LINGUISTIC ARCHAEOLOGY: TREATY LANGUAGE (POINT NO POINT), PART 8

indian removal

(Image credit: Chickasaw.tv)

This Article of the Point No Point treaty is one that I find relatively hard to translate, with its fancy literary nested-clauses style and its profusion of modals like ‘may’, ‘shall’, and ‘will’ (and ‘willing to’)!

(Back to: Part 1Part 2Part 3Part 4; Part 5; Part 6; Part 7)

Also because it signs these Indians up for “removal” at the pleasure of any US president…which, if any of them grasped its implications from the treaty translators’ Chinuk Wawa, could tend to reinforce the rumors flying among them that they were about to be sent to the land of the dead…

ARTICLE 7.
úkuk sínamakwst íkta ɬáska wáwa
this seven thing they talk

‘The seventh thing that was discussed.’

The President may hereafter, when in his opinion the interests of the Territory
pus áɬqi bástən háyás(h)-papá yáka tə́mtəm ɬúsh pus kákwa,
if later American big-father he think good if so,
‘If the American great father thinks it should be so,’

shall require, and the welfare of said Indians be promoted, remove them from
ɬúsh pus yáka wáwa úkuk s(h)áwásh-tílixam pus ɬáska ɬátwa
good if he tell these Indian-people in.order.to they go
‘it will be all right for him to tell these Indian people to go’

said reservation to such other suitable place or places within said Territory as
kʰapa íkta chxí ílihi kʰapa úkuk Territory of Washington,
to some new place in this Territory of Washington,
‘to some new place in this Territory of Washington,’

he may deem fit, on remunerating them for their improvements and the
pus yáka pʰéy ɬáska kʰapa kʰánawi-íkta háws pi ɬúsh-ílihi ɬáska mámuk kʰapa úkuk
if he pay them for every-kind house and good-land they make on that
‘if he pays them for whatever buildings and land cultivation they have created on the’

s(h)áwásh-ílihi úkuk pípa chxí álta wáwa, pi wə́x̣t
Indian-land this paper newly now talk, and also
‘Indian land that this paper has just mentioned, and also’

expenses of their removal; or may consolidate them with other friendly tribes
yáka pʰéy chíkʰəmin pus ɬáska ɬátwa kʰapa chxí ílihi; pi pus háyás(h)-papá yáka tə́mtəm
he pay money in.order.that they go to new land; and if great-father he think
‘he will pay the cost for them to go to the new place; and if the great father thinks’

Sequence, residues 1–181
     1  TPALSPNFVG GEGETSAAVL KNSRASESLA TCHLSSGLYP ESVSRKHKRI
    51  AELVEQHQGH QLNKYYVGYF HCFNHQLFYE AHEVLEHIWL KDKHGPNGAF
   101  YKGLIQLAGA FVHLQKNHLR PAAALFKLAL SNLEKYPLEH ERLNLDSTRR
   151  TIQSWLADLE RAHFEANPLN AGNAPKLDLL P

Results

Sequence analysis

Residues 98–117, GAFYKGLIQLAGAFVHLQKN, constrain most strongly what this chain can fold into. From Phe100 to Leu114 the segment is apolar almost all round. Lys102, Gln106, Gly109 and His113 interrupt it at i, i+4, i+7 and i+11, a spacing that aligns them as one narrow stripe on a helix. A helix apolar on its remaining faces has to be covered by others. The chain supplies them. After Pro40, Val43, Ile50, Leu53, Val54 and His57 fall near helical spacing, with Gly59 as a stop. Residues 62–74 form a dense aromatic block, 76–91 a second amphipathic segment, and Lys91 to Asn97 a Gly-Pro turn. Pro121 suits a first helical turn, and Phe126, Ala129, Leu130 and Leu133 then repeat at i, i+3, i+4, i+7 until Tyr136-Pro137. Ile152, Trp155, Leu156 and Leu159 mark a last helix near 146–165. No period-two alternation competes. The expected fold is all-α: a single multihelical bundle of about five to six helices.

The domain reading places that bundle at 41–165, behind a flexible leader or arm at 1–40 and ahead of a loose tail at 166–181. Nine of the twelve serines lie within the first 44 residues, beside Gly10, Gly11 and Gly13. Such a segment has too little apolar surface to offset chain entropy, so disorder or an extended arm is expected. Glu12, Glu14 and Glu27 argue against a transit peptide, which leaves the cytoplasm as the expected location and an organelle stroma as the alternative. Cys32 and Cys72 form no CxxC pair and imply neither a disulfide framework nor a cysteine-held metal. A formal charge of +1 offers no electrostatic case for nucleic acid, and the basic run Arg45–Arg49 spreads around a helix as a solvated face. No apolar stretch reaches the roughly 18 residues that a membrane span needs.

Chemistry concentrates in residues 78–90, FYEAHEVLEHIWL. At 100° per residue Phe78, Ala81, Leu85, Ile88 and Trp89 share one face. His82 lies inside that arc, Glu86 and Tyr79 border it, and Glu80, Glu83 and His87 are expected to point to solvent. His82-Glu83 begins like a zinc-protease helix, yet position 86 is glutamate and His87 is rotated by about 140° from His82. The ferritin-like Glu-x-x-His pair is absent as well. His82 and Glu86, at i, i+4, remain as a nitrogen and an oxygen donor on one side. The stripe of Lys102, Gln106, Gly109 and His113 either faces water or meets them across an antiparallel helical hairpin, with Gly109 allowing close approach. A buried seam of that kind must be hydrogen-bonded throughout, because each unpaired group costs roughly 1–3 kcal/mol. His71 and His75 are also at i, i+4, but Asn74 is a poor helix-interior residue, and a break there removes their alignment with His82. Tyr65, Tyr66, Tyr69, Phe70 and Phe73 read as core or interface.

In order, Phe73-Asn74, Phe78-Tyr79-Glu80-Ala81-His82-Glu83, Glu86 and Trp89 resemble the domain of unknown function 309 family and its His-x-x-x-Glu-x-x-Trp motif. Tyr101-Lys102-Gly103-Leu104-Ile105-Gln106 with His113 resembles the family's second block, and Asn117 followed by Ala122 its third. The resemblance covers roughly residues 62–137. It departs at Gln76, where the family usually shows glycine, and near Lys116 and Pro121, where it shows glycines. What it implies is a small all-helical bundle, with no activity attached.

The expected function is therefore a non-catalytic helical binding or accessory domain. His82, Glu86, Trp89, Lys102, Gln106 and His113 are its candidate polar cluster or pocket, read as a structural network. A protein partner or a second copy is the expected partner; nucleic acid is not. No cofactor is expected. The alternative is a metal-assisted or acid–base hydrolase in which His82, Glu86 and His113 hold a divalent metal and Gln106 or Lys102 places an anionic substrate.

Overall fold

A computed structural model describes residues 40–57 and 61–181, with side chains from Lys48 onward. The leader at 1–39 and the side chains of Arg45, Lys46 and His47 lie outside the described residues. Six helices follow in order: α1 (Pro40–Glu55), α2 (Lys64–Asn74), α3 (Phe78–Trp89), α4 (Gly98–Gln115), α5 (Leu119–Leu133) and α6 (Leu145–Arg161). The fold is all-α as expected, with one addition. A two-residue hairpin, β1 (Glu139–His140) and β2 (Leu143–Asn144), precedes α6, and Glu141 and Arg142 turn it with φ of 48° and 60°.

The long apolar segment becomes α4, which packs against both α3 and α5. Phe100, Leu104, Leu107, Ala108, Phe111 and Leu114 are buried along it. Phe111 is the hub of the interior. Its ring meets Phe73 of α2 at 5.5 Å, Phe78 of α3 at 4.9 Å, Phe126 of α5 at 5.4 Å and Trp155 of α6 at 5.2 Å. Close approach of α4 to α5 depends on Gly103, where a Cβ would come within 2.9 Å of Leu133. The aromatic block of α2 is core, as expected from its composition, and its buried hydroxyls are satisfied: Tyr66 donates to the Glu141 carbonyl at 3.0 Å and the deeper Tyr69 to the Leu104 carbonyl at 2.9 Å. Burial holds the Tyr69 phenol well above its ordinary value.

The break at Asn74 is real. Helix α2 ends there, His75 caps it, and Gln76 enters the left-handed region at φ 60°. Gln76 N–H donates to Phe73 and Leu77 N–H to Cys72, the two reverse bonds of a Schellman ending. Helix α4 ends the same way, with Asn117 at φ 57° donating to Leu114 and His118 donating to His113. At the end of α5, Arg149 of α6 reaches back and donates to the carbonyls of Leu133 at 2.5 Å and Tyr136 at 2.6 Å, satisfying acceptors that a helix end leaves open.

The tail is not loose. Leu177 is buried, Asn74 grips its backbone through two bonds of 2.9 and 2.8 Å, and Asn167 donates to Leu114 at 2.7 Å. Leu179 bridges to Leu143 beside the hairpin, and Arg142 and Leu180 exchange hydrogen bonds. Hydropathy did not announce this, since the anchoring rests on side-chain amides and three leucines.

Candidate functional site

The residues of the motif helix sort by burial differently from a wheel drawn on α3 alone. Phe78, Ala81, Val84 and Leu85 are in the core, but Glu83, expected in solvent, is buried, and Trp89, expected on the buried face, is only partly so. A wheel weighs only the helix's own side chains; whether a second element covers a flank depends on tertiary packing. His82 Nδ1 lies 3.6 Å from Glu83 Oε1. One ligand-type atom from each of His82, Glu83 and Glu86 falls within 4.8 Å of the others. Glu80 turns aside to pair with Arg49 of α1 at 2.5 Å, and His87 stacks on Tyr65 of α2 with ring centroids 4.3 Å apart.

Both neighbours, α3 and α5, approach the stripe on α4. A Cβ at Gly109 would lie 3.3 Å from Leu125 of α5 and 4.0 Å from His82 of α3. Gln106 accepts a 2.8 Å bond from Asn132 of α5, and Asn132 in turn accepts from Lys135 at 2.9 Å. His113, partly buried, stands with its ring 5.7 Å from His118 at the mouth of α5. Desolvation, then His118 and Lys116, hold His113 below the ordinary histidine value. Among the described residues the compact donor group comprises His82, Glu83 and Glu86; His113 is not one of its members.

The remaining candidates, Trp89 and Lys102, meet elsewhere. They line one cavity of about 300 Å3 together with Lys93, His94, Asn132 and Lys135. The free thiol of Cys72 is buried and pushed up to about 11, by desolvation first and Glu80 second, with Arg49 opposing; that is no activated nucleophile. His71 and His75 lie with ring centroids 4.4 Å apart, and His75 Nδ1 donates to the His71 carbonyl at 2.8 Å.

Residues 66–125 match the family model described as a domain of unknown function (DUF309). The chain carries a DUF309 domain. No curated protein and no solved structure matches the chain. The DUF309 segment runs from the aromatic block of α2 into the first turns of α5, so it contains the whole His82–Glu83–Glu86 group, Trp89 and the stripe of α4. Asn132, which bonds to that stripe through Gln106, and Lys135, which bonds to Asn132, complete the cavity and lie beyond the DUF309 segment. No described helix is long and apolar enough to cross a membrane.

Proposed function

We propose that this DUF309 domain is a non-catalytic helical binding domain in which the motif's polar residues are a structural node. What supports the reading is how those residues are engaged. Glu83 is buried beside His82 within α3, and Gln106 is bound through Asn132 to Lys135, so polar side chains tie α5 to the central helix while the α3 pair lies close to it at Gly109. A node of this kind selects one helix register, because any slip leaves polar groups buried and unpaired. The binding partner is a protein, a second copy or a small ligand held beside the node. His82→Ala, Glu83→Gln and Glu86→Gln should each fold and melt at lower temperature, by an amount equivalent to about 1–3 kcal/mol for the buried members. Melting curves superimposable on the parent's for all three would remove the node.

ɬúsh pus kákwa, wə́x̣t ɬúsh pus yáka mamuk-míɬayt úkuk s(h)áwásh-tílixam
good if so, also good if he make-be.located these Indian-people
‘it should be so, it will also be all right for him to put these Indian people’

kʰanumákwst x̣lúyma ɬúsh-tə́mtəm s(h)áwásh-tílixam.
together other good-heart Indian-people.
‘together with other good-hearted Indian people.’

or bands. And he may further, at his discretion, cause the whole or any portion
pi wə́x̣t, pus bástən háyás(h)-papá yáka tə́mtəm ɬúsh pus kákwa, ɬúsh pus yáka mamuk-
and also, if American great-father he think good if so, good if he make-
‘And also, if the American great father thinks it should be so, he can’

ɬátwa yakwá tílixam pus nánich úkuk s(h)áwásh-ílihi pi mamuk-t’sə́m háyuú tənəs-sítkum
go here people in.order.to look this Indian-land and make-mark many little-piece
‘send here some people to take a look at this Indian place and mark many portions’

of the lands hereby reserved, or of such other lands as may be selected in lieu
úkuk s(h)áwásh-ílihi
this Indian-land
‘of this Indian place’

thereof, to be surveyed into lots, and assign the same to such individuals or
pus pá(t)lach Ø kʰapa kʰanawi-íxt s(h)áwash
in.order.to give it to any-one Indian
‘to give them to every Indian’

families as are willing to avail themselves of the privilege, and will locate
tíki míɬayt
want be.located
‘who wants to live’

thereon as a permanent home, on the same terms and subject to the same
kʰapa íxt úkuk tənəs-sítkum ílihi kʰapa kwánisəm, dlét kákwa
on one these little-part land for always, exactly as
‘on one of these portions of land permanently, the same as’

regulations as are provided in the sixth article of the treaty with the Omahas,
yáka mámuk kʰapa úkuk sayá s(h)áwásh-tílixam ɬáska mamuk-ním < Omahas >,
he do with those distant Indian-people they make-name Omahas,
‘he has done with those faraway Indian people called Omahas,’

so far as the same may be applicable. Any substantial improvements heretofore
pus wík hayas-q’ə́l pus mámuk dlét kákwa yakwá. kʰánawi-íkta háws pi ɬúsh-ílihi
if not very-hard in.order.to do just so here. all-kind house and good-land
‘if it is not too hard to do just like that here. Any kind of building and cultivation’

made by any Indians, and which he shall be compelled to abandon in
úkuk s(h)áwásh-tílixam ɬáska mámuk kʰapa úkuk s(h)áwásh-ílihi kʰapa < Hoods
these Indian-people they make on this Indian-land at Hoods
‘that these Indian people have made on this Indian place at Hoods’

Canal >, pi ɬáska másh Ø qʰánchi(x̣) háyás(h)-papá yáka wáwa ɬáska pus ɬátwa kʰapa
Canal, and they leave it when great-father he tell them in.order.to go to
‘Canal, and have left when the great father tells them to go to’

wə́x̣t chxí ílihi,
again new place,
‘still another new place,’

consequence of this treaty, shall be valued under the direction of the President,
dlét yáka pʰéy ɬáska
truly he pay them
‘he will really pay them’

and payment made therefor accordingly.
qʰánchi(x̣)-háyú chíkʰəmin yáka tə́mtəm ɬúsh pus pá(t)lach.
how-much money he think good in.order.to give.
‘however much money he thinks is good to give.’

You can understand the English official wording as saying that the Indians can be moved around indefinitely and without notice. Do you feel that the Chinuk Wawa gives that same impression?

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